The Queen and Duke of Edinburgh have handed their grandson, Prince William, two vital new roles following his inspiring work on wildlife conservation.
The Duke of Cambridge has taken on two new patronages – Fauna & Flora International (FFI) and the British Trust for Ornithology (BTO) – in line with his longstanding commitment to supporting communities protecting their natural environment for future generations.
The Queen has been patron of Fauna & Flora for almost seven decades, and has worked closely with them to follow their incredible work.
The organisation is committed to protecting biodiversity and threatened species around the world.
FFI is also a founding member of United for Wildlife, and was recently announced as Global Alliance Partner of The Earthshot Prize.
The other patronage William has taken on is one of his grandfather’s former positions.
Philip took on the role with the British Trust for Ornithology more than 30 years ago, after becoming interested in the cause while travelling in the Royal Yacht Britannia between New Zealand and Antarctica.
It aims to empower communities to protect local bird species and their natural habitats in order to ensure they are preserved for generations to come.
Their staff and volunteers also gather vital data to build our understanding of the natural world, providing information and evidence for conservation action.
The new appointments come after Prince William, who has been passionate about the environment his entire life, launched his new Earthshot Prize – the most prestigious global environment award in history. It will offer five, one million-pound prizes to be awarded each year for the next 10 years.
Never miss a Royal moment
Keep up to date with all the latest news from the Queen, Charles, Wiliaml, Kate, Harry, Meghan, George, Charlotte, Louis and the rest of the family.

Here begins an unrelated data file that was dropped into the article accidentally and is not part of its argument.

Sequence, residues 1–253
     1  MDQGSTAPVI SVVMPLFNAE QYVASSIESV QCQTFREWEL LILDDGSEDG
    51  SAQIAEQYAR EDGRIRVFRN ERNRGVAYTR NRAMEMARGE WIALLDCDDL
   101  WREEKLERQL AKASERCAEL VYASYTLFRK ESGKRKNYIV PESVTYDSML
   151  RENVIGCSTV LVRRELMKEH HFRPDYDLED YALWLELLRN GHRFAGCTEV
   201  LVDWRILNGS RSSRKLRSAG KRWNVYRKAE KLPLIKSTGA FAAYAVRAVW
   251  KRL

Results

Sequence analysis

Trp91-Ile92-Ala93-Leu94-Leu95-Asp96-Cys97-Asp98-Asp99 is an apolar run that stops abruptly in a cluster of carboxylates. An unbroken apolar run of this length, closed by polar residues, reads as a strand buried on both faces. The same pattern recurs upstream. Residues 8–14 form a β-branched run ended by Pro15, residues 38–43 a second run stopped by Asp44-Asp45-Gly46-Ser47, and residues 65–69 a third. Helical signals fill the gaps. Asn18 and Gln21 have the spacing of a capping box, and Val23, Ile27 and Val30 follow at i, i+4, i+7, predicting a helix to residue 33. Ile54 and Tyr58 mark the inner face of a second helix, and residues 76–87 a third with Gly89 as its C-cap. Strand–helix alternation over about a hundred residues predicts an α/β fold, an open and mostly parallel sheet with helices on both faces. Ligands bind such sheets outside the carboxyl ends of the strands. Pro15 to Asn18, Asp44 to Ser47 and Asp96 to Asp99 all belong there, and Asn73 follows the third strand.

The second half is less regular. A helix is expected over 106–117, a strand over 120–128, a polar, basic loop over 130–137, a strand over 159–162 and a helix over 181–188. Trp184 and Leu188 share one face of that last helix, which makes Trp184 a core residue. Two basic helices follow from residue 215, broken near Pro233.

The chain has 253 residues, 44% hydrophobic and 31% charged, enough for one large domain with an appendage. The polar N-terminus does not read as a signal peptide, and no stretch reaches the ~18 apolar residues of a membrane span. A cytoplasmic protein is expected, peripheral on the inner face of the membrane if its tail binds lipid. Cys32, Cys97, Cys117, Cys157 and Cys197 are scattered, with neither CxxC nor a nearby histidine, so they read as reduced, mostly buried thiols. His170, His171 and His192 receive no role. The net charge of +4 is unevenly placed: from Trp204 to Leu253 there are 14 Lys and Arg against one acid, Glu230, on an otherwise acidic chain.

We’ll send the best Royal news directly to your inbox so you never have to miss a thing. Sign up to our newsletter here.
It has been set up to incentivise change and help repair our planet over the next ten years, which experts claim is a critical decade for the Earth.
As he launched the award, he spoke about how his children Prince George, Princess Charlotte and Prince Louis had made him even more determined to protect our planet.
During a pooled interview with UK broadcasters, William was asked about the importance of optimism and whether he tried to bring it into discussions with his family.
He replied: “I think to be perfectly honest I’m struggling to keep the optimism levels going with my own children, and that’s really kind of like a self… an understanding moment where you kind of look at yourself and go ‘am I doing enough on this?’
“Are we really at this stage in life when I can’t be hugely optimistic and pleased that my children are getting so into nature, because you kind of worry and dread they’re soon going to realise that we are in a very, very dangerous and difficult time in the environment and that as a parent, you feel you’re letting them down immediately.
The Royal Family What happens when the Queen dies? Strict dinner party for the royals Things to avoid in the Queen’s presence How clever the Royal family actually are
“So, having watched so many David Attenborough documentaries recently with my children, they absolutely love them, the most recent one – the extinction one – actually George and I had to turn it off, we got so sad about it halfway through.
“He said to me you know I don’t want to watch this anymore, why has it come to this and you know he’s seven years old and he’s asking me these questions already, he really feels, it and I think every 7-year-old out there can relate to that.
“So, I really feel from an emotional point of view as well I think every parent, everyone wants to do the best for their children, and I think we have to have a decade of change, a decade of repairing the planet so that we can hand it on to the next generation and future generations and sustain the prosperity for their lives too.”